Darwin R. Reyesa, Elizabeth Perrucciob, S. Patricia Becerrab, Laurie Locascioc, Michael Gaitana
aDevice Technology Group, Semiconductor Electronics Division, National Institute of Standards and Technology, Gaithersburg, MD
bLaboratory of Retinal Cell and Molecular Biology, National Eye Institute, National Institutes of Health, Bethesda, MD
cThe Molecular Spectrometry and Microfluidic Methods Group, Analytical Chemistry Division, National Institute of Standards and Technology, Gaithersburg, MD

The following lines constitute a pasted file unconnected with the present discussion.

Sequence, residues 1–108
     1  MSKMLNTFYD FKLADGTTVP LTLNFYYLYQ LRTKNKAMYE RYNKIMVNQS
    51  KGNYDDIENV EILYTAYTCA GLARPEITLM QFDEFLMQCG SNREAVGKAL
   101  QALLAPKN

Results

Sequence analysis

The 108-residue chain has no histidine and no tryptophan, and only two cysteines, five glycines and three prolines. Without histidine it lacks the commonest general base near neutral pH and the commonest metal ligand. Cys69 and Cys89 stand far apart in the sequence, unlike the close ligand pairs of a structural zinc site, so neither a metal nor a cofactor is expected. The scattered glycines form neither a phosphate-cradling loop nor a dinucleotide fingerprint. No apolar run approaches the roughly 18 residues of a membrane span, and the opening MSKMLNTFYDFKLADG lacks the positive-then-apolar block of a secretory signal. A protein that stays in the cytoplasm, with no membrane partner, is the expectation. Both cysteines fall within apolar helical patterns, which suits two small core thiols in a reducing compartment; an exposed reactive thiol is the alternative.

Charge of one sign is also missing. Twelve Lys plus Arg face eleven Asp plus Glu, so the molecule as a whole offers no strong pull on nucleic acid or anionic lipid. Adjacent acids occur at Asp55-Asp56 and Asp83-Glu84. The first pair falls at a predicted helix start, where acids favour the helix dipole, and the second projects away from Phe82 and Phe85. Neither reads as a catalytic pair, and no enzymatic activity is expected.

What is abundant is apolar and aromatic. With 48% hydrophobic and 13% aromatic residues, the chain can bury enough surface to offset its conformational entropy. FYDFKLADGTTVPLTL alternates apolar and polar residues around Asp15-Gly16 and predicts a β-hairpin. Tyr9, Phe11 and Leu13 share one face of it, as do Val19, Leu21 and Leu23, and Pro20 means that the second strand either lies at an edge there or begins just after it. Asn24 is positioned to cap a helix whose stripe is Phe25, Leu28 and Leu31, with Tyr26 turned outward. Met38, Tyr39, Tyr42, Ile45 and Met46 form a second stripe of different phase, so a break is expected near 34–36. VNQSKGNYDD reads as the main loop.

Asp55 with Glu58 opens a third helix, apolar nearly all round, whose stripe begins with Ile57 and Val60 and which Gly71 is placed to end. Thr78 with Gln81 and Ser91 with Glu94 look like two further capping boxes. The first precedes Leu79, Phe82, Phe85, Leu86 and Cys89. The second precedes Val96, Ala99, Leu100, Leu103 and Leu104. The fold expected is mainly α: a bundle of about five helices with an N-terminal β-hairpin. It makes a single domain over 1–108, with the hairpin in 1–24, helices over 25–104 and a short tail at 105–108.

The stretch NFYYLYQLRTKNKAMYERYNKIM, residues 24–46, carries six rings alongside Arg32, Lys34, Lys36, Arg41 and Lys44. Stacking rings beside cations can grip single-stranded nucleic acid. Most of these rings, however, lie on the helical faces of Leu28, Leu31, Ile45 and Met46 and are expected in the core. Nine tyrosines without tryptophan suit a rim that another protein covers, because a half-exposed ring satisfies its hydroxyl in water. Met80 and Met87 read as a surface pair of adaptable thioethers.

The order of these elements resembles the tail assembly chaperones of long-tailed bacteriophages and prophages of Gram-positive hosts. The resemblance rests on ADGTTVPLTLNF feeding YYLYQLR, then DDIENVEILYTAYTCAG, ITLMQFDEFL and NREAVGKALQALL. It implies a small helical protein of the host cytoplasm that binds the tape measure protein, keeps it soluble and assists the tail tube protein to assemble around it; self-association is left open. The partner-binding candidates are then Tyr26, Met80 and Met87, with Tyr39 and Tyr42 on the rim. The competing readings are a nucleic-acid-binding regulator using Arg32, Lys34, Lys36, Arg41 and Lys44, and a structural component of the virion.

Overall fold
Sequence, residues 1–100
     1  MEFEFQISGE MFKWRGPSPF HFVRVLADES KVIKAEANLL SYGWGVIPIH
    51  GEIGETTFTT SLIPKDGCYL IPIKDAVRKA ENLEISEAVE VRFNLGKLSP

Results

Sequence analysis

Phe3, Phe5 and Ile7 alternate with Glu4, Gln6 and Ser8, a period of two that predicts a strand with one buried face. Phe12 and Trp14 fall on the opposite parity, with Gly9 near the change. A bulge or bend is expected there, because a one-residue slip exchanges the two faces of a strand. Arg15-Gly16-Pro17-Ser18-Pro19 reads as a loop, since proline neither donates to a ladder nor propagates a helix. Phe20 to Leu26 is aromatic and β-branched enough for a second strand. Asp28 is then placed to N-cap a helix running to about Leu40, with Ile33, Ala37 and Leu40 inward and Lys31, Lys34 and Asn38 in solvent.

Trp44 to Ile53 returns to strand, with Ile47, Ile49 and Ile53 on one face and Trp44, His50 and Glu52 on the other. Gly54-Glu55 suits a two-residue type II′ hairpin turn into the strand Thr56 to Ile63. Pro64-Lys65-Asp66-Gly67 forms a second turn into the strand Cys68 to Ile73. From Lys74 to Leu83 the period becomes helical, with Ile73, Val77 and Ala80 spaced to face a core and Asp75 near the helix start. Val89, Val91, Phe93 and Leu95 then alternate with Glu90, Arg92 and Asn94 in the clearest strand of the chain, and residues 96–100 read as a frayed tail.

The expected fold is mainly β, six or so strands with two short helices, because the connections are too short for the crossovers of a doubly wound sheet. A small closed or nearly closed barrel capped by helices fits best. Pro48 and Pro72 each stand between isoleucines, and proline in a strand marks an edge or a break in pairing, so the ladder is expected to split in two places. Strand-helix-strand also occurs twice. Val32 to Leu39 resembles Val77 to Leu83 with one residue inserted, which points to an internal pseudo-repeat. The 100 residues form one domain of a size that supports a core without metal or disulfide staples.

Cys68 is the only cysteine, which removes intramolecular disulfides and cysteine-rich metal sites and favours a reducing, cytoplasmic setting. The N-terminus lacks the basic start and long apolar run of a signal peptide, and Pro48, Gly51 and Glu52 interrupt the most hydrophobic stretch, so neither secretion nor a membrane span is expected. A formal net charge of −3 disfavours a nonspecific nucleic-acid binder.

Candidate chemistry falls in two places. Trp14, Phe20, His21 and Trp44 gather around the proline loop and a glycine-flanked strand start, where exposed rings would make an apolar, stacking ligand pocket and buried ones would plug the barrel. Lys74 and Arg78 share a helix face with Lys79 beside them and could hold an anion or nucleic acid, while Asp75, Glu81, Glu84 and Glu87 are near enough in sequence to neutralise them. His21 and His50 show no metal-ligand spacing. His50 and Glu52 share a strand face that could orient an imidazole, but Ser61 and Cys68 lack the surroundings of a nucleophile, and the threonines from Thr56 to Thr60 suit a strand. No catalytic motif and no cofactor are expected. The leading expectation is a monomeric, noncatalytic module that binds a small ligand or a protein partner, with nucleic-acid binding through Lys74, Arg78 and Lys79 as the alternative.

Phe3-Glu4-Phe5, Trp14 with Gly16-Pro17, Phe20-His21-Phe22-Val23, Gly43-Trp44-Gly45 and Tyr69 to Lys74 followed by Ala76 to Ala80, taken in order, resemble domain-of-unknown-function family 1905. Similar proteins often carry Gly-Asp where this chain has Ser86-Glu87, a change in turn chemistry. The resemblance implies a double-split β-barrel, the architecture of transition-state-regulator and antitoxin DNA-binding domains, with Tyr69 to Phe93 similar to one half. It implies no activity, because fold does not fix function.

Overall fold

Existing methods for patterning cells in small and specific areas generally require the fabrication of a microcontact stamp, to imprint the adhesive molecules or a micropattern mask, to expose the areas in the substrate where the cells or adhesive proteins will be anchored. Since these methods employ adhesive proteins the use of non-biological polymers as adhesive elements will avoid the presence of biological material, minimizing the degradation of the bonds linking the cell to the surface. Polyelectrolyte multilayers (PEMs), which consist of alternating layers of polyanions and polycations adsorbed on a charged surface, are used to alter the functionality of a surface region that has been charged. The combination of PEMs with a new approach that alters the functionality of polymer surfaces using UV laser to irradiate and consequently charge specific areas, allows the patterning of charged areas of diverse diameters in a very simple and precise fashion. This work presents the use of poly(diallyldimethylammonium chloride) and polystyrene sulfonic acid to form PEMs film to generate micropatterned areas and its use as adhesion sites for retinal cells for further usage in cell-based assays.